After a long hiatus the resolution of the smokey FETs

I took a couple of months off the project, I couldn't find the time around the holidays and what not.

I also put together a power supply built up from a 12v supply, the replacement LTC... board from when I cooked the first one in the summer, a volt/amps panel meter and a couple of pots. I characterized it with my meters (the current is significantly over reported) and tested short circuits to make sure the current limiter was working, and then I used it to power my new design.

The current limiting aspect was super useful as it enabled me to test stuff without setting stuff on fire. By using temporary connections I was able to determine the problems I had using the image labelled "Before" as reference, I discovered

  • FET Q4 was backwards, so it would never work.
  • I screwed up the connections to the FET driver on the boost side, so it wouldn't drive Q4 anyway.

In this configuration, it was relatively easy to make Q2 fail with all three pins shorted together, and bearing in mind that Q1 was on at this point, Q2 became a short across the power supply! The original power supply has a 10A output, so Q1 was dissipating 120W! No wonder the smoke was emitted. With the current limiter, the voltage dropped to 0 and the world was saved.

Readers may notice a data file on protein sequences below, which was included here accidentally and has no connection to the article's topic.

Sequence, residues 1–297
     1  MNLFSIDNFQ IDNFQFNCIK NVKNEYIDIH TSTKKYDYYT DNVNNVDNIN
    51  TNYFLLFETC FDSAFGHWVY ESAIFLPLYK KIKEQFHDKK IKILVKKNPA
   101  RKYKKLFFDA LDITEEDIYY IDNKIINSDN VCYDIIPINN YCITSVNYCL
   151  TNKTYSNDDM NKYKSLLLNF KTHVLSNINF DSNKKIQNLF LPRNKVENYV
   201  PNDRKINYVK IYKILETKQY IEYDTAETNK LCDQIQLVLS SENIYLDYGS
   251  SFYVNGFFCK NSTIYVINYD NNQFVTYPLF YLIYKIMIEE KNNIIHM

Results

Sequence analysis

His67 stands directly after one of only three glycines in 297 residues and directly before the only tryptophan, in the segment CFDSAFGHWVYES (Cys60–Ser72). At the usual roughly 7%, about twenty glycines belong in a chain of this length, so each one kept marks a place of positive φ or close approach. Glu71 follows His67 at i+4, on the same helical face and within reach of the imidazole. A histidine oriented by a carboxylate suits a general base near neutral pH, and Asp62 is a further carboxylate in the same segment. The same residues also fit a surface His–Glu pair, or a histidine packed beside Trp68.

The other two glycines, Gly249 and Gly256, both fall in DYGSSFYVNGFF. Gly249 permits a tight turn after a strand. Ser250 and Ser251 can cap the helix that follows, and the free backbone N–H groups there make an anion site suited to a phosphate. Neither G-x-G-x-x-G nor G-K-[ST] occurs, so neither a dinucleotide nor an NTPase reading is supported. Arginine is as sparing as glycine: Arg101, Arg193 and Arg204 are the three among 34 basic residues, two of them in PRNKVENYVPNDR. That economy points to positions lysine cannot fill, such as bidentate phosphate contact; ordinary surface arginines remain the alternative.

What I ended up doing was taking Q4 out and replacing it with a diode, making the boost side non-synchronous. I was able to patch the diode in with some fly leads and leave the rest of the circuit the same. The ultimate circuit diagram now looks like the image labelled "After".

I then turned it on and saw the attached output on my scope. The PWM is the switching input to Q4, it's noisey as I hadn't added all of the input caps. The straight line is the signal on the output terminal. It has the letters "DC" as it is the channel I am measuring, the voltage reading is from a 10x probe that doesn't have the built in resistor that tells the 'scope it's a 10x probe, so it's displaying 0.1x the actual value, in this case, there is ~100v on that terminal. So at this point it is fundamentally working.

I think it has a minimum current requirement for regulation, so I picked up some high wattage resistors and tested it. I reckon I need ~1k from +Vout to ground, otherwise the voltage takes a _really_ long time to drop due to the amount of capacitance I have on the output. I may not need all of it, but that'll require more testing in the future.

So all in all, a pretty productive session. Now I will get more of the peripheral parts working so I can characterize the supply some more. I will get the serial port working first, then the ADC. I will then be able to examine how the ADC and the output voltage correlates at which point I will need to get a high wattage, variable resistor so I can then do the same with the current reading.